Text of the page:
Often, when I am reading sacred text, I find myself wondering: what does God *actually* sound like? As in, if I had been *there* at *that moment* what would I have heard? This is especially true for me when it comes to the prophets, because they are so often tasked with unenviable task of mediating God’s words to God’s people. So they receive something, and then they share it.
I can relate to that. As a pastor, one of my most visible tasks is to pay attention to scripture, to receive it, and then to help my people see it as something worth paying attention to. Ancient texts are deceptive–there is a lot of context and back story that is often invisible to us on the page which makes the task of understanding just a little bit harder. We miss the ancient jokes, the word play, the allusions that make our modern conversations come alive.
Over the past few years, I have found that biblical storytelling has been a way for me to help make scripture come alive for my community. Biblical storytelling pays attention to the words, and the context, and what we know about the ancient world, and then it helps the community to hear it fresh. The magic that happens when academic study and creative proclamation are brought together is incredibly refreshing.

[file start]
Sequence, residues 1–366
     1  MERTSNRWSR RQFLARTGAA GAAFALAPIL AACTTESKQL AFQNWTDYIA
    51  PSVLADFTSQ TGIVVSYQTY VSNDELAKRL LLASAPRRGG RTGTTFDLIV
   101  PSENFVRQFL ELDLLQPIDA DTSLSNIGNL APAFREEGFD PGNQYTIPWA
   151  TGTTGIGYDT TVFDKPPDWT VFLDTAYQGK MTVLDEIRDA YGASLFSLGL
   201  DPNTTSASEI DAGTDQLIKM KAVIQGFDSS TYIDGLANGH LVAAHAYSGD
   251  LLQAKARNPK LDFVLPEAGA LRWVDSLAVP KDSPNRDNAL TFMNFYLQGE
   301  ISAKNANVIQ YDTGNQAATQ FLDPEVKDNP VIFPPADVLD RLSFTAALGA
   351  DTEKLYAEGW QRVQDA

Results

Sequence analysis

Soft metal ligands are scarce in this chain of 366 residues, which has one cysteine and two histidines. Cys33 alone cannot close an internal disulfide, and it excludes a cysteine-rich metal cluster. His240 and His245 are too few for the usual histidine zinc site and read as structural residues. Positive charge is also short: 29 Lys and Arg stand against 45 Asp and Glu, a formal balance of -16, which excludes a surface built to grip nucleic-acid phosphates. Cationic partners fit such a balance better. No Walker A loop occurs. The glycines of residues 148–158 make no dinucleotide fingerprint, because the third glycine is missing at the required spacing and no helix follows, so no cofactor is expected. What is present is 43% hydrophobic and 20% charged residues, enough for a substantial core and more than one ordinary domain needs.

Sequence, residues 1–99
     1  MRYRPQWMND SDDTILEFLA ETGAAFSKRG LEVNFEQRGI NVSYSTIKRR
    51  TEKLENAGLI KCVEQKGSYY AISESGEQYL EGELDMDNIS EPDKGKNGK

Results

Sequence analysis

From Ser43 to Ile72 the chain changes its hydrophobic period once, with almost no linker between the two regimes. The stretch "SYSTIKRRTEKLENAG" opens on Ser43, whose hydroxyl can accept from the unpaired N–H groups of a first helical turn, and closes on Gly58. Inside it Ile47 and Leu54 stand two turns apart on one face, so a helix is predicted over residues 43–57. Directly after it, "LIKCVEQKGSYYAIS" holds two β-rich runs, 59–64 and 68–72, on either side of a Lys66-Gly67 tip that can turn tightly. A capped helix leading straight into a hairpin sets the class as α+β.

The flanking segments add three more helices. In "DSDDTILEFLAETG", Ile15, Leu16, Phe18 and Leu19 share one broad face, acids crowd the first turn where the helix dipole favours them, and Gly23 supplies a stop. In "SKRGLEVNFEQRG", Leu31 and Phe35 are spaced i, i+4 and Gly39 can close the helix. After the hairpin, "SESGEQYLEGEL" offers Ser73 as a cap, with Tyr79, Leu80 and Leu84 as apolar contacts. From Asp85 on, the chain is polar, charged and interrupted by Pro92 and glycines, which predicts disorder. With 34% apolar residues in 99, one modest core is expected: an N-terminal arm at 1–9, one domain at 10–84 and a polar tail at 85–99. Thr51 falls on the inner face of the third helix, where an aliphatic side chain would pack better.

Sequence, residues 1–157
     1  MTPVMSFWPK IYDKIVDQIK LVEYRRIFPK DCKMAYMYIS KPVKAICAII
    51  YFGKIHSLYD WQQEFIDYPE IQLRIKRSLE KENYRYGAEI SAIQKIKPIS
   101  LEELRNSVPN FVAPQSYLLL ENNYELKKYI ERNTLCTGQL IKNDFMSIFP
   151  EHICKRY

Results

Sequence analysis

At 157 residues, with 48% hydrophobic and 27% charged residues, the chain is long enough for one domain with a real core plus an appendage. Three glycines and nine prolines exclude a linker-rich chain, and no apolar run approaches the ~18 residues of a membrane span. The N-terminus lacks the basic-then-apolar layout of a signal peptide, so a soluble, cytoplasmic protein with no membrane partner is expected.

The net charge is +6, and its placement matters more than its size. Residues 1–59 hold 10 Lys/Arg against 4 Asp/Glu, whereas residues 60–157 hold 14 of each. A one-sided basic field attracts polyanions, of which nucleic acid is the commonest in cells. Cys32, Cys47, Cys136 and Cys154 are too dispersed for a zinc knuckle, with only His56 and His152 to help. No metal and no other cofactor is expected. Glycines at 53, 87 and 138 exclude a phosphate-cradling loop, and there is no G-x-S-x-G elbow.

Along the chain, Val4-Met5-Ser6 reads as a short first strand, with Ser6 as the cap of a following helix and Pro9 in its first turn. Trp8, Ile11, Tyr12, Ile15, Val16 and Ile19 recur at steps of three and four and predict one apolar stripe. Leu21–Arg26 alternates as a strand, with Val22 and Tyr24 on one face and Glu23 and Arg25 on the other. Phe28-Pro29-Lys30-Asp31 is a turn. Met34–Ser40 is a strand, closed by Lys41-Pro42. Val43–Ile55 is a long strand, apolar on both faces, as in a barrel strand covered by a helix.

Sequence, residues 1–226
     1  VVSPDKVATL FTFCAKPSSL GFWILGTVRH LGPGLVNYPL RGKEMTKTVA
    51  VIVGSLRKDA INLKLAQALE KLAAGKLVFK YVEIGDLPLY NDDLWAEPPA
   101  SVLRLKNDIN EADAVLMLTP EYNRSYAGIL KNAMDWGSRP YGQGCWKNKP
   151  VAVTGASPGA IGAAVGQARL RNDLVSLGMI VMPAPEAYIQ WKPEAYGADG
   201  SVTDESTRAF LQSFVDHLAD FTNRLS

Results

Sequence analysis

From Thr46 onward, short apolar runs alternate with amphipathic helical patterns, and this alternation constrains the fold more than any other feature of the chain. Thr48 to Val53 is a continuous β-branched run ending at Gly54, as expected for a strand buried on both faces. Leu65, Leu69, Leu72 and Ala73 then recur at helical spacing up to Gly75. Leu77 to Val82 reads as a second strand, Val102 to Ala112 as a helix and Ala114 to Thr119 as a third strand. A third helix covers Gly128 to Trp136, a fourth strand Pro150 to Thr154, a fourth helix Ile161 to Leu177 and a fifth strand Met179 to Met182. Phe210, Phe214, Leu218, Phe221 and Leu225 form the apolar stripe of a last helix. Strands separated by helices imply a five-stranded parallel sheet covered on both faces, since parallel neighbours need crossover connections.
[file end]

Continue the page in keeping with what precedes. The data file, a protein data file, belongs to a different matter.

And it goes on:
But there are choices that have to be made, such as, What does God sound like? This week, I found myself asking that question with respect to Jeremiah 23. I could say a lot about it at this point, but the general gist is that the book of Jeremiah is bitter medicine. Bad news all around for the people of God. The young Jeremiah knows it, God knows it, and nobody is particularly happy about it. And there are other prophets out there, whose message is more popular, *maybe just maybe* because it is a lot more hopeful and positive.
By the time we get to Jeremiah 23, God is fed up with these false prophets and is laying into them. To me, God seems beyond angry. God is at that point where God is almost amused by the ridiculousness of it all. I imagined God breaking into our worship on Sunday, lounging in the front pew eating popcorn and saying what God really thinks of (waves hands) all this.